Of Religious Worship and the Sabbath Day.

Chapter 22, Paragraph 5.

“…are all parts of Religious worship of God, to be performed in obedience to him, with understanding, faith, reverence, and godly fear; moreover, solemn humiliation with fastings;…”

Scripture Lookup

Esther 4:16

Joel 2:12

Reflection

Scripture, preaching, singing, baptism, lord’s supper – all along with prayer are part of religious worship. We do these things out of obedience to God, who has directed us in this His acceptable means of worship. We perform them with understanding, with faith, reverence, and godly fear.

Fasting, although not a regular part of worship, is also a permissible element of worship. What is fasting? Fasting, according to Arden Hodgins, is the abstention of food or other permissible things of the world. There are times when a special setting aside of our enjoyment to seek the Lord’s face is in order. Fasting is meant to be a means of directing our energy towards prayer.

Solemn humiliation should accompany our fasting. This is not a glib diet or a publicity stunt to draw attention to world hunger. It is important that fasting be performed in a holy and religious manner.  Fasting is a practice that is often associated with works-based religions, and as a result we may view it with suspicion, yet it is a biblical practice that Jesus expected His followers to observe. “Whenever you fast, do not put on a gloomy face as the hypocrites do, for they neglect their appearance so that they will be noticed by men when they are fasting.” (Matthew 6:16) It is not done to gain favor with God. It is not done to demonstrate our level of holiness. When we fast, we realize in a stronger way our dependence upon God.

Questions to Consider

  • When was the last time you fasted as part of worship?

 

A Little Time With The 1689: Day 279

Day 279

Of Religious Worship and the Sabbath Day.

Chapter 22, Paragraph 5.

“…and the Lord’s Supper…”

Scripture Lookup

1 Corinthians 11:26

Reflection

Like baptism, the Lord’s Supper is a public demonstration of union with Christ. Rather than an individual declaring her union with Christ, communion is that individual joined with the church in declaring their union with Christ. When we partake of the bread and wine with fellow believers, we remember the night the lord Jesus was betrayed. We remember His death and resurrection. We remember the benefits of our union with Him. and we look forward to the marriage feast of the Lamb in glory.

It may seem odd that eating a bit of bread and drinking wine together in a religious service would have any real benefit, but communion nourishes the soul of the believer. When a Christian participates in the Lord’s Supper, she, and those with her, “do then inwardly by faith, really and indeed, yet not carnally, and corporeally, but spiritually receive, and feed upon Christ crucified and all the benefits of His death” (LBCF 30.7). With the death of Christ, with His being made sin and a curse for us, He satisfied the justice of God, obtained reconciliation, and purchased an everlasting inheritance in heaven for those who are His (LBCF 8.8). Those benefits are what we feed upon spiritually in the Lord’s Supper.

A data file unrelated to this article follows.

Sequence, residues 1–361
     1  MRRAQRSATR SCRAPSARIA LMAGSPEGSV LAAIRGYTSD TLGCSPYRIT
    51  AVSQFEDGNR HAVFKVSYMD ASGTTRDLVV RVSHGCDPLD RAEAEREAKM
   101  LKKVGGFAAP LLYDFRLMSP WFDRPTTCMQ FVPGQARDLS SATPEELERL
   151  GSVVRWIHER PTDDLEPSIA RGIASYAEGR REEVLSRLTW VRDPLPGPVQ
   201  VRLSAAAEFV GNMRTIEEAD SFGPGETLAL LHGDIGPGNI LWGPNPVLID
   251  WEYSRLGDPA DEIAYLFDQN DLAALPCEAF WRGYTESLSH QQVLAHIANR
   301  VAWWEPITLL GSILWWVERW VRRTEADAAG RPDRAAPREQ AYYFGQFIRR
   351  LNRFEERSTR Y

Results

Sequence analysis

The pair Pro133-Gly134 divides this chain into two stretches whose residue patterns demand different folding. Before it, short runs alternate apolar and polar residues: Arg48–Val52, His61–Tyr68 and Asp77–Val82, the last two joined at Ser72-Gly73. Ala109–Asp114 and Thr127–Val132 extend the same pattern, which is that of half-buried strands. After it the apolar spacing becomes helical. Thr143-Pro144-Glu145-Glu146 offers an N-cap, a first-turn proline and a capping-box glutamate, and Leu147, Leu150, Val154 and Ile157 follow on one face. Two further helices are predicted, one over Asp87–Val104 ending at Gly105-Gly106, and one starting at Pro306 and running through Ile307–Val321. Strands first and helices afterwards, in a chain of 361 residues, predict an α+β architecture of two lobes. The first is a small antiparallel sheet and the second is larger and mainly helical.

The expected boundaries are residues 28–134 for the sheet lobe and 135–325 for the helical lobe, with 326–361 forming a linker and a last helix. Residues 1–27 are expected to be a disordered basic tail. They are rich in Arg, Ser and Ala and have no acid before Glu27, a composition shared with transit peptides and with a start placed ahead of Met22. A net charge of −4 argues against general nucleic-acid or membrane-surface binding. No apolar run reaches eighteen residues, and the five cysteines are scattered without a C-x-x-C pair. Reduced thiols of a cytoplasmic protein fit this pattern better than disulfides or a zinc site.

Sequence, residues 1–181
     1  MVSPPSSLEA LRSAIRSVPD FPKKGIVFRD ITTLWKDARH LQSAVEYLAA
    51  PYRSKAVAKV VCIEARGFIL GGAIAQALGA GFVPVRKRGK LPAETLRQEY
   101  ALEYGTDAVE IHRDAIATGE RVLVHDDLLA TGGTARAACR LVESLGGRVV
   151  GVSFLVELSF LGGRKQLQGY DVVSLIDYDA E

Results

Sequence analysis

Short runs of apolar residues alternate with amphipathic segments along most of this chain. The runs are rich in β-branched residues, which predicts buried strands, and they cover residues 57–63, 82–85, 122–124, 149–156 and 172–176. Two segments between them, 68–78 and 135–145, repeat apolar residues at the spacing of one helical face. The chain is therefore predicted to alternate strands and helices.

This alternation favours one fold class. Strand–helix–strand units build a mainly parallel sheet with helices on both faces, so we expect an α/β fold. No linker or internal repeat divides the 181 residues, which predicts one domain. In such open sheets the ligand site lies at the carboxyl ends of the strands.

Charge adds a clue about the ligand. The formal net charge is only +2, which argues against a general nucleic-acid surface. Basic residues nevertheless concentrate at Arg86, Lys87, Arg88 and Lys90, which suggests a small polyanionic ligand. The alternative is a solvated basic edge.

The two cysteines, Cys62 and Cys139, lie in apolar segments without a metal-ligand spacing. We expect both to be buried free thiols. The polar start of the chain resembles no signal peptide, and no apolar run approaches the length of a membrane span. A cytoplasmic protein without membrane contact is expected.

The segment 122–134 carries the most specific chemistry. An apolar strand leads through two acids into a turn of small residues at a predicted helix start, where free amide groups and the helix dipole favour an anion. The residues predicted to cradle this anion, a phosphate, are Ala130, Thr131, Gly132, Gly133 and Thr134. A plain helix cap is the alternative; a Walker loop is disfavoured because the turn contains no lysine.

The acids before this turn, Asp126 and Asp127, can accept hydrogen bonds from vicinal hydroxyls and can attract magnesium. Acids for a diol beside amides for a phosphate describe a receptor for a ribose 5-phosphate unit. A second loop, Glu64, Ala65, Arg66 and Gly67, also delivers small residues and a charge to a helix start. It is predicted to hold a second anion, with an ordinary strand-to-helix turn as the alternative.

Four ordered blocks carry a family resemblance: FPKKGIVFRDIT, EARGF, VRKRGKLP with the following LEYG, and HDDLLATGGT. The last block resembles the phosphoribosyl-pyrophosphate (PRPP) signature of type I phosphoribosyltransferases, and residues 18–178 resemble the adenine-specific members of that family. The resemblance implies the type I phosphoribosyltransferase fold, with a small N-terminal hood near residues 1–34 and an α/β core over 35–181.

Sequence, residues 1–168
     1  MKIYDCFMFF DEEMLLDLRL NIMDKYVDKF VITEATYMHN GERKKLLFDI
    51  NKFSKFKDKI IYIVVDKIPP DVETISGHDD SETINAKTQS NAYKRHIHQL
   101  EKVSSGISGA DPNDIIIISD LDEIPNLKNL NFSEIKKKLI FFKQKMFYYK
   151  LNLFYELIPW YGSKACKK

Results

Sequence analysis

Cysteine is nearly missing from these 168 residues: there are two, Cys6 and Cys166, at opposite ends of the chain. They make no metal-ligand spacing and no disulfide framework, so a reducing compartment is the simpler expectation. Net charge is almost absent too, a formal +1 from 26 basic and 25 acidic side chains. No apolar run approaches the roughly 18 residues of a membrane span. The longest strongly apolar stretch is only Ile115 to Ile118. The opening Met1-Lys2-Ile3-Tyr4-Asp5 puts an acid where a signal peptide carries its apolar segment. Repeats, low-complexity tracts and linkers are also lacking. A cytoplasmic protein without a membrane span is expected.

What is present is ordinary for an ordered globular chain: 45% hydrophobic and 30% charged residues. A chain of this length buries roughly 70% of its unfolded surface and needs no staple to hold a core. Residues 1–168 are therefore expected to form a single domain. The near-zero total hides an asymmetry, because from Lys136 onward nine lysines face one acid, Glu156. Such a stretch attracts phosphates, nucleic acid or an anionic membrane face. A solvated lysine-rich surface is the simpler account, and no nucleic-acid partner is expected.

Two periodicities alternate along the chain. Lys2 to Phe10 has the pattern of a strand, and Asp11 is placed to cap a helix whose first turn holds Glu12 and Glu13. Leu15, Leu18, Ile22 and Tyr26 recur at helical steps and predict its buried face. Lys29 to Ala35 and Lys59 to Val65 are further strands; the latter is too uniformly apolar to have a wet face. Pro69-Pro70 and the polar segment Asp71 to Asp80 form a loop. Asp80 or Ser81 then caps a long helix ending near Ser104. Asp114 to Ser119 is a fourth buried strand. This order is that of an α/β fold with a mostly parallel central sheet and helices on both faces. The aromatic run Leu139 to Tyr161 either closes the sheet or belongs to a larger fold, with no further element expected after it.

The Lord’s Supper reminds us that redemption has been one for us by Christ, the captain of our salvation who brings many sons to glory (Heb. 2:10).

-Richard Barcellos, More Than A Memory

The Lord’s supper is an act of worship. It was instituted by Christ, and is to be part of religious services. As we eat the bread and drink the wine, may our hearts and minds be turned to Christ and His sacrifice for us, and look forward to the hope of His return.

Questions to Consider

  • With what attitude do you approach the Lord’s Supper?

 

A Little Time With the 1689: Day 278

Day 278

Of Religious Worship and the Sabbath Day.

Chapter 22, Paragraph 5.

“…as also the Administration of Baptism,”

Scripture Lookup

Matthew 28:19,20

Reflection

As someone who didn’t come from a Baptist background, the idea of getting baptized was a little intimidating. Having been sprinkled as a baby had been so much more convenient, as I did not have any say in the matter. Later, as an adult that came to faith, I was faced with Christ’s command to be baptized. Yes, I loved Christ, but to demonstrate that by being dunked while everyone was watching? That was taking it to the next level, a level that I wasn’t sure I wanted to attain.

Baptism is a visual sign that the one being baptized is no longer her own. Through going down into the water and coming up again, baptism demonstrates the union the redeemed sinner has with Christ. She is united with Him in His death and resurrection. He has washed her sins away. She is no longer who she once was, but is “giving up unto God through Jesus Christ to live and walk in newness of Life,” as the Confession describes it in Chapter 29. It is an act of humility, of publicly separating yourself from what you were before to follow Christ. To be acceptable in God’s sight, it should be performed according to His will. Reformed Baptists see the professing believer being immersed in water as what is pleasing to God concerning baptism.